Medical spending for uncompensated care totaled $2,876 a person in 2013, according to the study. The bulk of uncompensated care came from hospitals, which provided $44.6 billion.
“The cuts could make it really tense for hospitals that are in these areas that serve a high number of uninsured,” said study co-author, Teresa Coughlin, a senior fellow at the Washington-based Urban Institute.
Millions of Americans are expected to gain coverage under the Patient Protection and Affordable Care Act, and the law cuts Medicare and Medicaid DSH funding to correspond with the lower need. But the Congressional Budget Office still projects that more than 31 million Americans will remain uninsured by 2024. Also, the cuts pose a particular challenge in the 24 states that have declined to raise Medicaid eligibility under the law. Late last year, Congress delayed the Medicaid DSH cuts as part of legislation averting cuts to Medicare physician pay under the sustainable growth-rate formula. The new timeline calls for the $35 billion reduction to be phased in from fiscal 2017 through fiscal 2024.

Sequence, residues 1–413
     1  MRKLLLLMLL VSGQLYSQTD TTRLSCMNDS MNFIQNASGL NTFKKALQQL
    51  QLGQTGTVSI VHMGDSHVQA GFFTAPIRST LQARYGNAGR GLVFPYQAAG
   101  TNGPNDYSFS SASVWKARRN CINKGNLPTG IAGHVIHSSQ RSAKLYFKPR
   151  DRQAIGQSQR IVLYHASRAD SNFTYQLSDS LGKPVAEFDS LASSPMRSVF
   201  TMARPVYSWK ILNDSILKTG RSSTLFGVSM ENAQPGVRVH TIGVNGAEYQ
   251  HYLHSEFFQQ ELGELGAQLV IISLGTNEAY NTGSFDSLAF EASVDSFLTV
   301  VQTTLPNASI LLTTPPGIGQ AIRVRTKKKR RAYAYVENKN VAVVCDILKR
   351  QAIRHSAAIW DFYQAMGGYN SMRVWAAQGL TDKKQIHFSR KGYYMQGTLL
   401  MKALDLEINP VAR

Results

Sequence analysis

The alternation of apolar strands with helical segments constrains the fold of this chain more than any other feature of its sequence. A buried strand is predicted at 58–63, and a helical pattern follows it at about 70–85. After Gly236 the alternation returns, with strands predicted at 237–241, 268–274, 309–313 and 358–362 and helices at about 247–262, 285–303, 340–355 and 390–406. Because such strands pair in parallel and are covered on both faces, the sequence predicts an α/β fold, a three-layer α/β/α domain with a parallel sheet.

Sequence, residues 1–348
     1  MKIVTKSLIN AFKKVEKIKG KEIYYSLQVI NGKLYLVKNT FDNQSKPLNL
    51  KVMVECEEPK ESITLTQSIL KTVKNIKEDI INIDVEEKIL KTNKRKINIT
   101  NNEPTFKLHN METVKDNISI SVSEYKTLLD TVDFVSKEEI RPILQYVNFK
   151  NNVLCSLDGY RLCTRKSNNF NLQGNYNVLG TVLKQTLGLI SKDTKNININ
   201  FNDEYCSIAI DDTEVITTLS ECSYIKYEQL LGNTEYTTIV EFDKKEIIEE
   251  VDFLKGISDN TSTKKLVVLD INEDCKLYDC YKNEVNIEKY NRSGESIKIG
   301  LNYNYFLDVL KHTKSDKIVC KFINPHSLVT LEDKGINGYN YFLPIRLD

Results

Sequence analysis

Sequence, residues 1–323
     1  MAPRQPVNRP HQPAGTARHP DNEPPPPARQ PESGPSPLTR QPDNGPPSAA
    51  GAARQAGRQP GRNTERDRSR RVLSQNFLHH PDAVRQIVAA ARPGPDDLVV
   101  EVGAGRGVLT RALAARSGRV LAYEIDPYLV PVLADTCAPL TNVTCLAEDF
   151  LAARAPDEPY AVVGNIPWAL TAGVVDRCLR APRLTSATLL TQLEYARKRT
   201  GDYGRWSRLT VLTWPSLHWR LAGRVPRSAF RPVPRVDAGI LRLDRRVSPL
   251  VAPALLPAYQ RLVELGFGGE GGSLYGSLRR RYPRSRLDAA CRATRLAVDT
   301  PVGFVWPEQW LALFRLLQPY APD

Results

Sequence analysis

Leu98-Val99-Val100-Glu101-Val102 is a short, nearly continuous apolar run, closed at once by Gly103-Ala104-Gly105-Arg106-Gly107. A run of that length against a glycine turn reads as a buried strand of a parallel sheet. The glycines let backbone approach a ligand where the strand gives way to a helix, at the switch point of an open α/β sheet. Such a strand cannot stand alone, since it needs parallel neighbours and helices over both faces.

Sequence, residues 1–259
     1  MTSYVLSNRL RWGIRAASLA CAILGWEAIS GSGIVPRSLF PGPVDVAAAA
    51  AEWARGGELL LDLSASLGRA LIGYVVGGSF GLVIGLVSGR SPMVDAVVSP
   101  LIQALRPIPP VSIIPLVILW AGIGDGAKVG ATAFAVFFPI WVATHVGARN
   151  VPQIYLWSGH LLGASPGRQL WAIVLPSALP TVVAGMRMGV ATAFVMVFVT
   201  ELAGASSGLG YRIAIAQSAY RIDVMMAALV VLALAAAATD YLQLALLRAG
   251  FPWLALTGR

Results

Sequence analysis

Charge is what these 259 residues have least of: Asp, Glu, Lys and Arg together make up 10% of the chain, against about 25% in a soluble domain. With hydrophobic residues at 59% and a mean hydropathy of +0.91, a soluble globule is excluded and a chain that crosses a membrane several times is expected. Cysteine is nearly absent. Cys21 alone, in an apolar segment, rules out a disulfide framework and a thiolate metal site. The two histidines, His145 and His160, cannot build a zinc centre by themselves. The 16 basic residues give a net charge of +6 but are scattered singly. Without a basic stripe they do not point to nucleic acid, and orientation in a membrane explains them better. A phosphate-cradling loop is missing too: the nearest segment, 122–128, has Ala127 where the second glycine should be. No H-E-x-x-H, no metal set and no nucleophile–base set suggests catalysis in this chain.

The researchers created the projection based on data from the Medical Expenditure Panel Survey for more than 86,000 patients under the age of 65 from 2008 to 2010, as well as secondary data sources published by providers and the federal government.
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